Rarely a day passes during one's college career--especially during the later years--without one's hearing a complaint as to the workings of Harvard occasionally accompanied by some suggestion of reform. Some of the more widely recognized grievances are from time to time discussed in these columns; some are hinted at in Lampy's more serious moments; but most of them pass unheeded and are generally forgotten. Viewed in this light, perhaps no part of the questionnaire issued by the 1922 class Committee is more important than question number 27 and the blank pages at the end of the pamphlet. As you survey your college course near its close, what things would you wish changed before you send your son here? Would you have learned more if you had had more personal college tutoring? if less emphasis had been laid on marks? Do you approve of the general divisional examination and distribution requirements? Are Harvard athletics too specialized? What is wrong with the social system? Such questions as these deserve consideration in the space allotted.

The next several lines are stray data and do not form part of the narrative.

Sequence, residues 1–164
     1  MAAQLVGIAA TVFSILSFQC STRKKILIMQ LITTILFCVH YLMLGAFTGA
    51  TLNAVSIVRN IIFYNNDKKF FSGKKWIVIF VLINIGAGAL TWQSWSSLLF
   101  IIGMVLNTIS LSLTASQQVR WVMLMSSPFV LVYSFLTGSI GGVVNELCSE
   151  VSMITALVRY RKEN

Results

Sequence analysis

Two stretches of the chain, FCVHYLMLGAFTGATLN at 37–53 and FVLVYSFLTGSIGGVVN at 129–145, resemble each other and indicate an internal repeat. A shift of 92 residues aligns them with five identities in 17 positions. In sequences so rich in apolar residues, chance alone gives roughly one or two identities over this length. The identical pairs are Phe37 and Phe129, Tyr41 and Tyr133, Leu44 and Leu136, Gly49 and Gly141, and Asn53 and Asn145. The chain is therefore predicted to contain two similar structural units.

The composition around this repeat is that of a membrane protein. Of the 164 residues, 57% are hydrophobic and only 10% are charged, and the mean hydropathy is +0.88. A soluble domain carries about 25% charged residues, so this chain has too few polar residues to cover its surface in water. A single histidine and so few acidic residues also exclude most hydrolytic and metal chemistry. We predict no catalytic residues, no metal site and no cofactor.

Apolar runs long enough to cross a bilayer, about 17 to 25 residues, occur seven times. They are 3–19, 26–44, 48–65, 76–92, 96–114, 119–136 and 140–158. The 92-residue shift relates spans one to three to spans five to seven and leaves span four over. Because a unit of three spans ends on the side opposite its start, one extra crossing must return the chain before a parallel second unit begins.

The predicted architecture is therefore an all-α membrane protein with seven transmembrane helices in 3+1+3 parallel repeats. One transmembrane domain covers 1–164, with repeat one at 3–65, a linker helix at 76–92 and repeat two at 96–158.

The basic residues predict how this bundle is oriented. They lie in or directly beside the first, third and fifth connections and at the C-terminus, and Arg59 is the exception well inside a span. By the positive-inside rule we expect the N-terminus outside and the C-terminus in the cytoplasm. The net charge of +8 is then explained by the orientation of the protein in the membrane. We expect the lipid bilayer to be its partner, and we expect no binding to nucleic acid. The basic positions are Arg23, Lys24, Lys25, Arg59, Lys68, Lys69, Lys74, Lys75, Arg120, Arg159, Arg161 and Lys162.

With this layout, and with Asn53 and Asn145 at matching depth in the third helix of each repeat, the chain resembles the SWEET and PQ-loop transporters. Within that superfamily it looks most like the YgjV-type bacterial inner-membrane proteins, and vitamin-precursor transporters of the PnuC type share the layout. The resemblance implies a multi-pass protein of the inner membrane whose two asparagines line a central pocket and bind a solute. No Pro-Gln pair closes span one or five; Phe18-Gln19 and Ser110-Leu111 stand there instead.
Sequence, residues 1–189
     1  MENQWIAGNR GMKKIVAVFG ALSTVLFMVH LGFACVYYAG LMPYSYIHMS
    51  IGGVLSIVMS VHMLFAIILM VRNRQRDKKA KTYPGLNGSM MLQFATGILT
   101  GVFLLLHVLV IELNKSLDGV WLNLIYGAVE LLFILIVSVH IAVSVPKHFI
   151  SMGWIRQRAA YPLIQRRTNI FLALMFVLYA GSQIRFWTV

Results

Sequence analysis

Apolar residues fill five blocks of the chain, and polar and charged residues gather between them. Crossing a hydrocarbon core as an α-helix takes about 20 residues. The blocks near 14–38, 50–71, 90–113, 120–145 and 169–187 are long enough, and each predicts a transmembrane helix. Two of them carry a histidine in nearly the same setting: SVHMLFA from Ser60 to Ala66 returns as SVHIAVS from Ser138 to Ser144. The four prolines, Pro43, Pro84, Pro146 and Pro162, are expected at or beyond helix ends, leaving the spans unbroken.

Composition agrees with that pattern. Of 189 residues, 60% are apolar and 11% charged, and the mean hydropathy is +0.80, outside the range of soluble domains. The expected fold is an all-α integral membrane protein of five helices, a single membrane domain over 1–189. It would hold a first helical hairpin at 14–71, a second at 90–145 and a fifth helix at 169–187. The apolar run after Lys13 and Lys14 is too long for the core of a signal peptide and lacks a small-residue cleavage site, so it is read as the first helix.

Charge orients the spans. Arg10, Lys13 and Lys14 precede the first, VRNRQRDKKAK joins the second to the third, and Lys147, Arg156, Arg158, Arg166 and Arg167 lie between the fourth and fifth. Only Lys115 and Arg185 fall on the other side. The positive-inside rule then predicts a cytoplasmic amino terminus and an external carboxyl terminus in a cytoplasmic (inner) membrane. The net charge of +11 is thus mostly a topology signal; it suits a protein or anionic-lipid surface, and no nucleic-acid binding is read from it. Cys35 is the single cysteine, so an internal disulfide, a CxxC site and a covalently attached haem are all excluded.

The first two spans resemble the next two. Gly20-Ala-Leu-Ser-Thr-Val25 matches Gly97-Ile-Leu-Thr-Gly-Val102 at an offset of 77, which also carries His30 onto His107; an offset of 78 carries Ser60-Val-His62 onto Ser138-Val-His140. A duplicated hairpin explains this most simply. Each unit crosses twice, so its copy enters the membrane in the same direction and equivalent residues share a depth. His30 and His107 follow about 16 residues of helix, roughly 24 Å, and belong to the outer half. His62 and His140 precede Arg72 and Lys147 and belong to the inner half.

College education, after all, is very much in the nature of an experiment which professors try on the undergraduate, frequently with dubious results. But if we, the objects of so much investigation would make an effort to actively record our sensations at various stages of the procedure, we may possibly spare tome wear and tear on future specimens. In any event no Senior should neglect this opportunity to write, for the common welfare, his brief but poignant treatise on "How I Would Run the College."